Well, that didn’t take long. Less than a month since ZTE was hit with a ban from the U.S. government, the Shenzhen, China-based telecommunications firm has just confirmed it has ceased "major operating activities."
ZTE issued the announcement to the Hong Kong Stock Exchange today (May 9), attributing the shutdown to the Denial Order issued by U.S. lawmakers in April. For now, the company’s products remain on store shelves around the world, though according to the Nikkei Asian Review by way of Quartz, some carriers in ZTE’s home nation are no longer offering them.
A visit to ZTE’s global site for devices redirects users to the corporate portal, although at the time of writing the U.S. site is still functioning normally, with links to buy phones through carrier partners.
While ZTE has evidently halted production for the time being, the company is actively talking to the U.S. government to “facilitate the modification or reversal” of the ban, according to the statement. ZTE says it is nevertheless financially stable and will continue to uphold its commercial obligations in the meantime.
Today’s news is the latest in a saga dating back to March 2017, when ZTE was discovered to have been illegally exporting products containing U.S.-sourced components to Iran and North Korea. The telecom giant was forced to pay more than $800 million in penalties for that transgression, and was directed to rebuke all personnel responsible as part of its plea deal.
That brings to last month, when a U.S. Department of Commerce investigation found that ZTE retained all of those employees and paid them bonuses. In response, the U.S. government served the company with a ban, forbidding it to use any U.S.-sourced technology in its products for seven years.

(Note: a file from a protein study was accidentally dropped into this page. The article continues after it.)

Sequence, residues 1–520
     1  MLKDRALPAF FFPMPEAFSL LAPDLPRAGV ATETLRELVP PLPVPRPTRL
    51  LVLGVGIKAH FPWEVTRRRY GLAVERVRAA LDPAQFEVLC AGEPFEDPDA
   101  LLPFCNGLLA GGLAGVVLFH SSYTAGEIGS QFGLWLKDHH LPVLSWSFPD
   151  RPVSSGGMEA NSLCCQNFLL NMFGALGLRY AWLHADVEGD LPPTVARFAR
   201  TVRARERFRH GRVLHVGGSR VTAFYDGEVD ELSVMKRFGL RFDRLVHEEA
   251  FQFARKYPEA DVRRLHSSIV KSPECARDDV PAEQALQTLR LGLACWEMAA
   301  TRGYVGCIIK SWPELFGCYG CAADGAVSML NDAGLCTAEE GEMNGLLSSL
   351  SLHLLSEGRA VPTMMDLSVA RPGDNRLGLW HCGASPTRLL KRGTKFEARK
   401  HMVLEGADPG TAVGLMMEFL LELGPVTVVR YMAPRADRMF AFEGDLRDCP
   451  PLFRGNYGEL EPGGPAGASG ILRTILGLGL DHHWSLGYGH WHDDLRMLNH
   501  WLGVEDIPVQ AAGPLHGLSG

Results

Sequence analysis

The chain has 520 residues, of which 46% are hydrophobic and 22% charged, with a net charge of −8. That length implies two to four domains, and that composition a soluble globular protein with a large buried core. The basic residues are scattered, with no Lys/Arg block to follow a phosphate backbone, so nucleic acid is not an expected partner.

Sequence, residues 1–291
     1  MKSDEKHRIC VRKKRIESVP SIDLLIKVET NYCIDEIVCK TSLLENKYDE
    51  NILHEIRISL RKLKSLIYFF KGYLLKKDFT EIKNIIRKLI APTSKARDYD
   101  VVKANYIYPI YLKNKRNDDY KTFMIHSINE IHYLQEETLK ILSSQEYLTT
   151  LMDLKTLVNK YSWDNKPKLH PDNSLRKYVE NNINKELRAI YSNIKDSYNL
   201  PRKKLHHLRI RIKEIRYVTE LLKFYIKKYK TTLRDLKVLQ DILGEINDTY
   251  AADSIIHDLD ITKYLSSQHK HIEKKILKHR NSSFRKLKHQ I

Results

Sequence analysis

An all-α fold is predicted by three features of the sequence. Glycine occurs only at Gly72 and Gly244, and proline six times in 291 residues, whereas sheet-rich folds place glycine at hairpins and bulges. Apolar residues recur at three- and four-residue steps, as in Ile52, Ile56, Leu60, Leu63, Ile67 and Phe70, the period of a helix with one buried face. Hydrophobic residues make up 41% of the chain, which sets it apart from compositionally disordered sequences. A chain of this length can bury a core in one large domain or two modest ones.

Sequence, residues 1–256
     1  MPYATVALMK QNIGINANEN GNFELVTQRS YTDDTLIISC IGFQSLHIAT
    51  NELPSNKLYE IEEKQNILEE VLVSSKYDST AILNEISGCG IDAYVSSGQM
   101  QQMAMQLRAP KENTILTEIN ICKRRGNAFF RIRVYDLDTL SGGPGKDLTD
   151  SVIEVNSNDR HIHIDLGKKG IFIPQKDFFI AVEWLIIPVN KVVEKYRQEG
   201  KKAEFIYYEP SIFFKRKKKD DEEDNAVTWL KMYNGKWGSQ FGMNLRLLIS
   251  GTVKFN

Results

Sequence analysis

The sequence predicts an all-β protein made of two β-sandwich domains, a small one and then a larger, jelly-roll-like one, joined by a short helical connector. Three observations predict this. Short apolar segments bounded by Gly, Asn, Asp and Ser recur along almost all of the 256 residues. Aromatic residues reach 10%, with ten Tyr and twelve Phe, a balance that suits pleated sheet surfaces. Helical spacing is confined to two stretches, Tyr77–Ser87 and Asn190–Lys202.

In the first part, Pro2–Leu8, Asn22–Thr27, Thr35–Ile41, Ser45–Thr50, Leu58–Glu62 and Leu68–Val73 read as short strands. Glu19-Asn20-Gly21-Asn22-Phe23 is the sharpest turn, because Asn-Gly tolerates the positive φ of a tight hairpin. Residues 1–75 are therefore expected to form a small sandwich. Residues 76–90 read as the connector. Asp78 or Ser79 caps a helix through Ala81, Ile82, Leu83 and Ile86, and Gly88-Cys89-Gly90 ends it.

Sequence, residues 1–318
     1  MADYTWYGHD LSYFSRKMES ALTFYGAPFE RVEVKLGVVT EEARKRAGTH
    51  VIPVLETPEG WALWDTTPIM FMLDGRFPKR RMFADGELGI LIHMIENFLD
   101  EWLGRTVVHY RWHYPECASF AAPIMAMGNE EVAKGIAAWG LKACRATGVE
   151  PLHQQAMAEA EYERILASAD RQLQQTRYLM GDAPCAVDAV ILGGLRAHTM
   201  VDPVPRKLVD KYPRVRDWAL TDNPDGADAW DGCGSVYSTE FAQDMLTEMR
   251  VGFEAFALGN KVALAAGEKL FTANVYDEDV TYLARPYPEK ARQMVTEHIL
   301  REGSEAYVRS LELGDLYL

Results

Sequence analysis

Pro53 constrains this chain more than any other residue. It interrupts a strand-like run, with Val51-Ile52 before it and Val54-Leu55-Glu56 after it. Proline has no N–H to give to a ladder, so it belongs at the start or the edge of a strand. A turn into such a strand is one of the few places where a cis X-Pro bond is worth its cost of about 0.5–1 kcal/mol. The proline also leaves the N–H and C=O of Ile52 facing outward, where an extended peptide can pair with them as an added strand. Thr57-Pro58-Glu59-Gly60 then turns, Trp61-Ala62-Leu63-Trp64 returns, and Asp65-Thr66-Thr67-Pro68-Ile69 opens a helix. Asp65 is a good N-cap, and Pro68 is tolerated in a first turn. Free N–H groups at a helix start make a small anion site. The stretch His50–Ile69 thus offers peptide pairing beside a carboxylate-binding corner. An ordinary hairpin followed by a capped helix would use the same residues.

ZTE responded by calling the ban unfair, saying it was delivered “before the completion of the investigation of facts.” The company added that the “Denial Order will not only severely impact the survival and development of ZTE, but will also cause damages to all partners of ZTE including a large number of U.S. companies.”
ZTE, which uses Qualcomm processors in many of its phones and exclusively employs Google’s Android operating system and apps, indeed relies on U.S. companies to a significant degree. Sales through U.S. prepaid cellular carriers, such as T-Mobile and Boost Mobile, are also responsible for a major portion of its business. Spokespeople from both networks declined to comment on today's announcement when we reached out. Tom's Guide has also contacted ZTE, and will report back as soon as we hear anything.
Photo Credit: Shaun Lucas/Tom's Guide